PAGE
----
People with preview / ephemeral environments: How ...
# platform-culture
People with preview / ephemeral environments: How do you manage the temptation for long running branches? Right now, our developers have to merge their code to the trunk to deploy, encouraging small, fast changes. We have a strong use case of demoing functionality we’re building to customers, to get feedback quickly during the development process. I’m concerned preview environments will enable well-intentioned bad habits, letting demo branches stay open for a long time. (open for any suggestions for discouraging long running branches)
We use feature flags for this purpose. We still do small, incremental releases but the new changes / features go under a feature flag which we can enable at a per customer account level. That way you can preview or give alpha / beta versions while hiding it for most customers.
It also depends of the branch purpose. I am strong believer interns of trunk based development, but in a large team I found it quite difficult, even with queue mechanism on the pipes. We started using feature flags for the large teams and it helped a lot and still allowed us to keep small changes. On top of that when I have created a repo for git actions with templates - I simply used branching as in GitHub Actions you can call a specific branch and use workflow. It will be ever lasting branch (never thought that I would say it)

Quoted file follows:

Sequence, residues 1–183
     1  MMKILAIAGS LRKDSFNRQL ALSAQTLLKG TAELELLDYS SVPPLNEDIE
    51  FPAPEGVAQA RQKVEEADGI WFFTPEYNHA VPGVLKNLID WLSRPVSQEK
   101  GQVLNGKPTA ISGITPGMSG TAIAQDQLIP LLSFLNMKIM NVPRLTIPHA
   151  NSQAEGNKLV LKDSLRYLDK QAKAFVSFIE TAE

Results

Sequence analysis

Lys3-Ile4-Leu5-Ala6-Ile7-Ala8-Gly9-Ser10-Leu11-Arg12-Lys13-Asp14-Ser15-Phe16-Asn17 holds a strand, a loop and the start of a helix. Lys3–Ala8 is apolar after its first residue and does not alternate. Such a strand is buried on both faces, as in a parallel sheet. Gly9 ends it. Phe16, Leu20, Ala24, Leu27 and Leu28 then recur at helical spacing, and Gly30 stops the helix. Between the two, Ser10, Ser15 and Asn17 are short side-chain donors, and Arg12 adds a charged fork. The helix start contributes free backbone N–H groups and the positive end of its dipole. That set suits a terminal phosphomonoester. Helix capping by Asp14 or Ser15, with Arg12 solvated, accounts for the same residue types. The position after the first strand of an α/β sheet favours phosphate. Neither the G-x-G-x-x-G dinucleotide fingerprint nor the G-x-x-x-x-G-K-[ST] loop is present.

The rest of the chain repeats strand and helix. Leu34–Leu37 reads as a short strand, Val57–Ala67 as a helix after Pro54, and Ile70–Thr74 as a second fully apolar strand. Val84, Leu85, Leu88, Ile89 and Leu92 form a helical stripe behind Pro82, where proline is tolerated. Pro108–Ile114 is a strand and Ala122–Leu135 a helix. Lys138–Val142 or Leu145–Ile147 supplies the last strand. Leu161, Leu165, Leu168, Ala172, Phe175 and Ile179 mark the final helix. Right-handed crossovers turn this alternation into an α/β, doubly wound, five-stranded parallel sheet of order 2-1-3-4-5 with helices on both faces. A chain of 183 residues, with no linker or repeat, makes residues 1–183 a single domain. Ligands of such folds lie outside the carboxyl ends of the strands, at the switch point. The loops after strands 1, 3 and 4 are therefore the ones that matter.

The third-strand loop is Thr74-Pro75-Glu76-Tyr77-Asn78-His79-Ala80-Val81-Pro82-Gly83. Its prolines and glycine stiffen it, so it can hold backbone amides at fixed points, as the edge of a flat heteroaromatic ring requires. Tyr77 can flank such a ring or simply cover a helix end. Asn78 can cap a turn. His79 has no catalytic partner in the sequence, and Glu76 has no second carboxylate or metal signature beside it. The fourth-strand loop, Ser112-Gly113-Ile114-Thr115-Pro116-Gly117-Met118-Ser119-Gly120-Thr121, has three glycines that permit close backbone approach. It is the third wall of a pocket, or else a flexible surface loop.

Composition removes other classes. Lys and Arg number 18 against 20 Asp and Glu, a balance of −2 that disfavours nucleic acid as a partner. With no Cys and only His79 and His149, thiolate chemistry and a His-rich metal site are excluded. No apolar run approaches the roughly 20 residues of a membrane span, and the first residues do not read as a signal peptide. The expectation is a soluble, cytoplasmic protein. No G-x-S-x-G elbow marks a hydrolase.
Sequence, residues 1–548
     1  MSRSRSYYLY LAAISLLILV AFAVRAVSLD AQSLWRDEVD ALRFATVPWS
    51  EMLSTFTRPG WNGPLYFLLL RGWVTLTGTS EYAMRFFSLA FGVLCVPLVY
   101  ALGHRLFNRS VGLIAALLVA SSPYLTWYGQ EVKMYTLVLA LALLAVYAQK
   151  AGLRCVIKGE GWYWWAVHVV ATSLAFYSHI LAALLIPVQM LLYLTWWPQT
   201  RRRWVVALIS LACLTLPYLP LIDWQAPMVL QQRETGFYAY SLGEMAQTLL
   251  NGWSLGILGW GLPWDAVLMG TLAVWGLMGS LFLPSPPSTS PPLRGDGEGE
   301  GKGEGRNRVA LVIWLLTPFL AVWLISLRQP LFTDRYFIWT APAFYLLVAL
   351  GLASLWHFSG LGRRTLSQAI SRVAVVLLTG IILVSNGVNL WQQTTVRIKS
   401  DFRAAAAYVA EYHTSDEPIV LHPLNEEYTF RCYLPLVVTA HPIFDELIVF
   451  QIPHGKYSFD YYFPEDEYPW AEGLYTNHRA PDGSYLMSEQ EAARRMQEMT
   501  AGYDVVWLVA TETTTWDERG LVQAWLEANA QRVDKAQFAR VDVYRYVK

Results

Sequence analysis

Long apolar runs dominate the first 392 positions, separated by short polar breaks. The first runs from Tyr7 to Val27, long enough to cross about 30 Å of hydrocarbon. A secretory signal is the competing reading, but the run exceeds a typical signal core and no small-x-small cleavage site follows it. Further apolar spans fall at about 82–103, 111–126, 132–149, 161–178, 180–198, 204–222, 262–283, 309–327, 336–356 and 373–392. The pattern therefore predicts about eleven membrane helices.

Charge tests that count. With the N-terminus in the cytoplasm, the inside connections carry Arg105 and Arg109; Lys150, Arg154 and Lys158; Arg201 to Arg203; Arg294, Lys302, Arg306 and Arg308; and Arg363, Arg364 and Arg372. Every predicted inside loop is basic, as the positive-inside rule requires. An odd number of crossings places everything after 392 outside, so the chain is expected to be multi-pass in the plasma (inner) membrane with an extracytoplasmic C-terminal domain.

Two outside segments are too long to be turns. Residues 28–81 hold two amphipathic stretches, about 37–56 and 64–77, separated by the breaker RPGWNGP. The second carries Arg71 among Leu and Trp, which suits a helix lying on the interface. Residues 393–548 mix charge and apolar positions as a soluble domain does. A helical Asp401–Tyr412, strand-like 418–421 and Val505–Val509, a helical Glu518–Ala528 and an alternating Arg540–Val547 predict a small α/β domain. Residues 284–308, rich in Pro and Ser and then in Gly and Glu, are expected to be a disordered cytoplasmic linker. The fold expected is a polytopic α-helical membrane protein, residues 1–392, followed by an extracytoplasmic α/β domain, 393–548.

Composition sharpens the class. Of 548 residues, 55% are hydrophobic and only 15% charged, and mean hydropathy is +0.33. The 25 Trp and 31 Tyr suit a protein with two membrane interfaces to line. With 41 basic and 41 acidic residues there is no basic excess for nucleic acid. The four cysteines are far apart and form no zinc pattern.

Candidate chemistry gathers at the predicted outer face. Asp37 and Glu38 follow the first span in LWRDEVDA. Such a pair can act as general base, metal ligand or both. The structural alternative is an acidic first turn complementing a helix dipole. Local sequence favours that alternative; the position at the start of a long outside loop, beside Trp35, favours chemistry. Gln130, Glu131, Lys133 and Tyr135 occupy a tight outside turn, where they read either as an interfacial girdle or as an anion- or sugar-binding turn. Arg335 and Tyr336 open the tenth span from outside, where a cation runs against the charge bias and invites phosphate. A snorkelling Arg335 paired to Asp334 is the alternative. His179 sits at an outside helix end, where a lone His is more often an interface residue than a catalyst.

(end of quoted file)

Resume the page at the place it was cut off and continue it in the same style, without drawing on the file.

Hi @Tim Becker 👋 - I’m the CEO of Qovery 👋 Our company offers a robust Preview Environments solution to hundreds of engineering teams. To prevent branches from running for extended periods, our clients have the ability to set a Time-to-Live (TTL) for each environment. This ensures that the environment will automatically cease to exist after a predefined duration, keeping things efficient and organized.
Thanks for the responses! I like the idea of feature flags as an alternative/enhancement to preview environments. We also have teams where trunk based development doesn’t fit them as well, I definitely think there’s a use case. I like the TTL idea, it’d have to be well known to avoid confusion, but it’s a great idea.